- National Science Foundation - US

Oysters hold secrets to Chesapeake Bay's past

People began to negatively impact the water quality of the Chesapeake Bay earlier than previously thought, a new study finds.

- PhysOrg - NL

Researchers found the body of a 25-foot-long shark, and it's grim but strangely beautiful

Last week, the Marine Strandings Network was called in to investigate a dead shark in Cornwall, England. What MSN found was not just any shark: it was the fully intact floating carcass of a 25-foot-long basking shark. SEE ALSO: If footage of this ethereal jellyfish doesn't calm you, nothing will Photographer Matthew Facey ...

- Yahoo! News - US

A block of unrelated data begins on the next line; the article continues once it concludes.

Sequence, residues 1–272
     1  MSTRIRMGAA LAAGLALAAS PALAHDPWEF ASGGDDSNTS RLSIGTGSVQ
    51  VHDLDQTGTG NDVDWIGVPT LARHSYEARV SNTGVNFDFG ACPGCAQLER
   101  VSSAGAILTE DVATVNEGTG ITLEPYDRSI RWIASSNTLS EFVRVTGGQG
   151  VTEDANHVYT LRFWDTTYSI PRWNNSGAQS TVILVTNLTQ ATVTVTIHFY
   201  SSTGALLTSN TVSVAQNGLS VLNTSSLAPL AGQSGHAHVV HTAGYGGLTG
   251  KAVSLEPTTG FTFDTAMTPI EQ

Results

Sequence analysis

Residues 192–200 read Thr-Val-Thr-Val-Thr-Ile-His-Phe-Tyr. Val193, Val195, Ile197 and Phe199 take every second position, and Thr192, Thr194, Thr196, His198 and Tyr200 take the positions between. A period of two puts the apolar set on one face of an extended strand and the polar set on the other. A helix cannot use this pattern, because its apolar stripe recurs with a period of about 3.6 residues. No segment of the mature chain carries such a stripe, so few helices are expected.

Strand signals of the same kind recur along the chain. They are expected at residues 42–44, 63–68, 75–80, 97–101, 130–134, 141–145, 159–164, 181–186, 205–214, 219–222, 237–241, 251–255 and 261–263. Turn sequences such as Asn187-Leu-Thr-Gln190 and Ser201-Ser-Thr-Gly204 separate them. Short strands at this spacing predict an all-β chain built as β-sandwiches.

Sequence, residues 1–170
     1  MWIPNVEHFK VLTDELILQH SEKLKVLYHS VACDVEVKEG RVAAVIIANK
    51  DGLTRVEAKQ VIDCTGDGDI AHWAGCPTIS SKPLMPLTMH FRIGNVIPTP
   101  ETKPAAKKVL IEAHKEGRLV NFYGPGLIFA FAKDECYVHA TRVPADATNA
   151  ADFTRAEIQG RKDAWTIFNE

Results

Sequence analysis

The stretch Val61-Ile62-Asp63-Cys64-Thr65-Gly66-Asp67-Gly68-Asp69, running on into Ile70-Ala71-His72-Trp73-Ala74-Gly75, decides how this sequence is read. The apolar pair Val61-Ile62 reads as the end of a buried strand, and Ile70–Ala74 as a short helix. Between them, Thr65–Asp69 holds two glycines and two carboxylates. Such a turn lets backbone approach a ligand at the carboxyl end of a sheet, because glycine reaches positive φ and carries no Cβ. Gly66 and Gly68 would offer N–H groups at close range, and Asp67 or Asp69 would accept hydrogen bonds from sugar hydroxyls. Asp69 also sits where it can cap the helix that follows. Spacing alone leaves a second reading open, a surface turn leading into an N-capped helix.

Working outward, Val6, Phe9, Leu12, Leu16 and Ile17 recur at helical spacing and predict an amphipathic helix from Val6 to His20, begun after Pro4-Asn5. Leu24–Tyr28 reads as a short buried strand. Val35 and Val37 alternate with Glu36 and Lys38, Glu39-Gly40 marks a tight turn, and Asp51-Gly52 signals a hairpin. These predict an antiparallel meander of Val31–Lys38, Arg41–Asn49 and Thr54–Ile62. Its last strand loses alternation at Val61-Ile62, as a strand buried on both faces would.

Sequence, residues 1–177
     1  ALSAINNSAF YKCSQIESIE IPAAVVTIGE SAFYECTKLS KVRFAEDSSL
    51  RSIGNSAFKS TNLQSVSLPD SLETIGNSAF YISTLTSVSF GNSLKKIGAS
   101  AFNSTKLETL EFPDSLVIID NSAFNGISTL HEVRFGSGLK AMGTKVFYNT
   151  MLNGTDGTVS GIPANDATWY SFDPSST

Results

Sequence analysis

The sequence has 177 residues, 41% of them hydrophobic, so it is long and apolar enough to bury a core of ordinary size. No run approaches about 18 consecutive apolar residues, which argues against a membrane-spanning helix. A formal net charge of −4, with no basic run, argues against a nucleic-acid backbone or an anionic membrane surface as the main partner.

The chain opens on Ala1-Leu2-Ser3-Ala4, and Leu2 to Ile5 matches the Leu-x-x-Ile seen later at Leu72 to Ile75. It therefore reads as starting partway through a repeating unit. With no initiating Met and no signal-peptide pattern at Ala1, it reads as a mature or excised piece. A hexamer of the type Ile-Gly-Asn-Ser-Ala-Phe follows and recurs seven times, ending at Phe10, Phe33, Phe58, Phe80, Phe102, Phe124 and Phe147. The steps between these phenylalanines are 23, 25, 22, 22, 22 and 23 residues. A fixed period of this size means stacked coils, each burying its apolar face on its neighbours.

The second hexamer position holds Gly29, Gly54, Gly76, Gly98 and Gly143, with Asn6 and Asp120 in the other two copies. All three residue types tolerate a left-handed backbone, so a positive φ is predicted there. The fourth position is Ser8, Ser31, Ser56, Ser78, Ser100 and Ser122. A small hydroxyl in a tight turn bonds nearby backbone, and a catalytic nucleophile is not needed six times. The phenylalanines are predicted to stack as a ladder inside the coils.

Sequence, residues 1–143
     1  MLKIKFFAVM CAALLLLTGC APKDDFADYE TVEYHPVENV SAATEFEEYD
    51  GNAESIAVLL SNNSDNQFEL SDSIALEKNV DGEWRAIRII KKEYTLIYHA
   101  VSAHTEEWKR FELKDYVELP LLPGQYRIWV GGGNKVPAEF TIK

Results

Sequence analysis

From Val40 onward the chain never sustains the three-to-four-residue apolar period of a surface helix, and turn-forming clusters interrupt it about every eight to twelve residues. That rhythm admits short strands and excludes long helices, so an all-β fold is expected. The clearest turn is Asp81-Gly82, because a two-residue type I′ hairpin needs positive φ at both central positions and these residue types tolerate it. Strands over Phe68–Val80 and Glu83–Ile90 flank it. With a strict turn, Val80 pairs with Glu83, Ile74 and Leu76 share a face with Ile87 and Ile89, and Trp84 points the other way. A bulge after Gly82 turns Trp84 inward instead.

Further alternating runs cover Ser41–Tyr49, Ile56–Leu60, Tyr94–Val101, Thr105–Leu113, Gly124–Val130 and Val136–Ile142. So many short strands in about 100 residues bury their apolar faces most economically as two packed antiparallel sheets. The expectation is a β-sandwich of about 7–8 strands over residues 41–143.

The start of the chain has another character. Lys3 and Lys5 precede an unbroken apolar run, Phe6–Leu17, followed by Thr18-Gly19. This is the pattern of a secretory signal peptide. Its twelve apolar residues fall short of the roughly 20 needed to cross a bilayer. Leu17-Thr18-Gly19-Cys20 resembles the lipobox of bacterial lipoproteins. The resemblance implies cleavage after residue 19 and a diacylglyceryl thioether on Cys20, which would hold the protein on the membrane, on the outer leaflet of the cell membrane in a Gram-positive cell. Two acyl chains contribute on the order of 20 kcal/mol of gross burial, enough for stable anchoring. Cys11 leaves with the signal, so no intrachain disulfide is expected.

Fukomys livingstoni, I presume?

Two new species of African mole-rat have been discovered by researchers at Queen Mary University of London , together with colleagues in Tanzania and at the University of Pretoria.

- PhysOrg - NL

Ohio zoo euthanizes 29-year-old polar bear that had cancer

The Columbus Zoo and Aquarium in Ohio says it has euthanized a 29-year-old male polar bear after veterinarians determined he had liver cancer with limited treatment options.

- PhysOrg - NL

This fantastic idea for a circular runway is sadly going nowhere

NLR/Endless RunwayBuilding a new runway is often a tight squeeze. For example, part of the opposition to a new runway in London, which has provoked national debate, comes from the hundreds of families whose homes will be demolished to make way for the airport expansion. But a team of Dutch scientists have now come up with ...

- The Conversation - UK